Stanislav Kondrashov TELF AG

The Impact of Global Supply Chain Issues on Commodity Markets

Stanislav Kondrashov explains how the COVID-19 pandemic coupled with the geo-political conflict has affected commodity markets.

Disruptions in worldwide supply changes have been occurring in notable quantities since the COVID-19 pandemic in the beginning of 2020. Couple that with the Geo-Political conflict that began in early February 2022, and the globe has been in unstable, exacerbating these supply chain problems. Unsurprisingly, Stanislav Kondrashov says this affects all parts of the economy, including commodity markets.

In 2021, Kyungsik Nam found that climate extremes caused uncertainties in global economies, citing that it yields inflationary pressure on non-energy, food, and energy commodities. In the same year, these findings were built upon with investigations into global economic activity and commodity market alterations that yielded similar results.

Global Supply Chain Pressures Have Had Impacts on Commodities in Recent Years

All aspects of commodities have been affected in the past few years due to specific happenings (e.g., the current Geo-political conflict and the worldwide coronavirus pandemic), causing supply chain disruptions.

The transportation and logistics industry were impacted by such pressures, as cross-border travel became near-impossible. As such, the price volatility in commodity markets went wild.

But it wasn’t just the price volatility that witnessed a rapid change — demand altered as well. As the supply chains shifted around the world, demand for particular commodities went askew. A great example of this occurred due to the COVID-19 pandemic; it increased the demand for a few food commodities, while reducing demand for others, according to Aday and Aday in 2020.

While there are smaller, not-so-discussed global supply chain disruptions that have impacted commodity markets, the larger issues take the foreground due to their long-term effects.

Stanislav Kondrashov

The Commodity Outlook in 2023

The unrelenting worldwide supply chain pressures are still causing concerns in commodity markets to this day, giving investors, traders, businesses, and the general population little relief.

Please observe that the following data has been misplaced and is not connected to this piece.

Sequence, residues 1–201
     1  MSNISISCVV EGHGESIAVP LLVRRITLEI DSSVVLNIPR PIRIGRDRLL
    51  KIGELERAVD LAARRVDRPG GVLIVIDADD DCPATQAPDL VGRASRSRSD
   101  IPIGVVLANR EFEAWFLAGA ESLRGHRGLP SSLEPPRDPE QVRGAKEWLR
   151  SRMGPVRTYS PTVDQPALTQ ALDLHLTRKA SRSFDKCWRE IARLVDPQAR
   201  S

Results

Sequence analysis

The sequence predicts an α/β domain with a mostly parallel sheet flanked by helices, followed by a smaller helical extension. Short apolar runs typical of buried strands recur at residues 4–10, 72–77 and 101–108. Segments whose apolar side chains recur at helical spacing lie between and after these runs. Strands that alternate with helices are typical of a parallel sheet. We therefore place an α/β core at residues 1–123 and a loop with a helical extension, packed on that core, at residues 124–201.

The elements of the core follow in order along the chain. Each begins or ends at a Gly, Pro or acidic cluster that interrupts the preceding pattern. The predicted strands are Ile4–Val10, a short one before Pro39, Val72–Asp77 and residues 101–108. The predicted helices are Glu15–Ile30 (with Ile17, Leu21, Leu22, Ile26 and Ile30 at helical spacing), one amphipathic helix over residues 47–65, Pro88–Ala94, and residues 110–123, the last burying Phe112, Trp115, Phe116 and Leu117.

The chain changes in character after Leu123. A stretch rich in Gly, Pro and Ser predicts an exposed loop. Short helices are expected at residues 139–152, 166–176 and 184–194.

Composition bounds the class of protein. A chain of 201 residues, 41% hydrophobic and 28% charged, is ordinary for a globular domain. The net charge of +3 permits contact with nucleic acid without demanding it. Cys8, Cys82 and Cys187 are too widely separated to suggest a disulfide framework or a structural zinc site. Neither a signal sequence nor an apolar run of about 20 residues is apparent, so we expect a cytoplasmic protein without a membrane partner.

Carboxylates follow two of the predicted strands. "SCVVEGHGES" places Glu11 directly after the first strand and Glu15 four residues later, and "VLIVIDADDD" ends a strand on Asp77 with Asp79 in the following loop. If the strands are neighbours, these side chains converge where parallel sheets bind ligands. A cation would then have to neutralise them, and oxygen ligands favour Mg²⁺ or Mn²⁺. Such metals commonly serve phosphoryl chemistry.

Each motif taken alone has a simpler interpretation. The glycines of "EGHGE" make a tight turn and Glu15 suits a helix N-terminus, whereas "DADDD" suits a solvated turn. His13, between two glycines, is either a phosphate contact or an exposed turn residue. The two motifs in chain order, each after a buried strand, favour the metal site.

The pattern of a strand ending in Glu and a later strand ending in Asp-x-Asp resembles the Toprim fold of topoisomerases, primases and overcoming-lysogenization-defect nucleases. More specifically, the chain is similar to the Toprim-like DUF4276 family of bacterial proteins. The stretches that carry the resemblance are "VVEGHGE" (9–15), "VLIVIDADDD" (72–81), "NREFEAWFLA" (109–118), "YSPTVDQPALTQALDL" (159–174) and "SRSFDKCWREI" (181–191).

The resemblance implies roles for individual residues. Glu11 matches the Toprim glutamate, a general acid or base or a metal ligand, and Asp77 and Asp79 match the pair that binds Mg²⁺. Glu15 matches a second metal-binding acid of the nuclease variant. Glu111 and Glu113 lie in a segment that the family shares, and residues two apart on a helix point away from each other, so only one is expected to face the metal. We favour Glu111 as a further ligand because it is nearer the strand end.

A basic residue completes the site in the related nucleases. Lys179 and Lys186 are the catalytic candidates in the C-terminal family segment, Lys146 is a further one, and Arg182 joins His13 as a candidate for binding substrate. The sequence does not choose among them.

During the first quarter of 2023, global commodity prices fell 14%, ending up 30% lower by the end of March than the historic peak seen in June last year. Experts note that this decline shows a combination of slowing economic activity, reallocation of commodity trade flows around the world, and preferable winter weather. Despite this, the prices of all these major commodities are around four-fifths of what individual markets saw between 2015 and 2019.


Oil prices have retreated back to below their mid-2022 peak, and they are forecasted to remain stable through the rest of 2023. Specifically, Brent prices are expected to keep an average of $84/bbl this year, reflecting the weaker growth prospects in the rest of the economy. Supplies, however, will expand — just at a slower pace due to the production quotas and capacity limits in oil-producing regions.


Supply conditions of main food commodities have improved thus far, but the risks are still palpable. The Black Sea Grain Initiative continues to aid Ukraine grain exports to reach worldwide markets. While stock-to-use ratios of grain have lowered, experts note that they are staying sufficient.

Even though global food prices are retreating, domestic food cost inflation persists. Around the world, such prices are expected to fall 8% this year, and another 3% in 2024.

By Stanislav Kondrashov

Stanislav Kondrashov TELF AG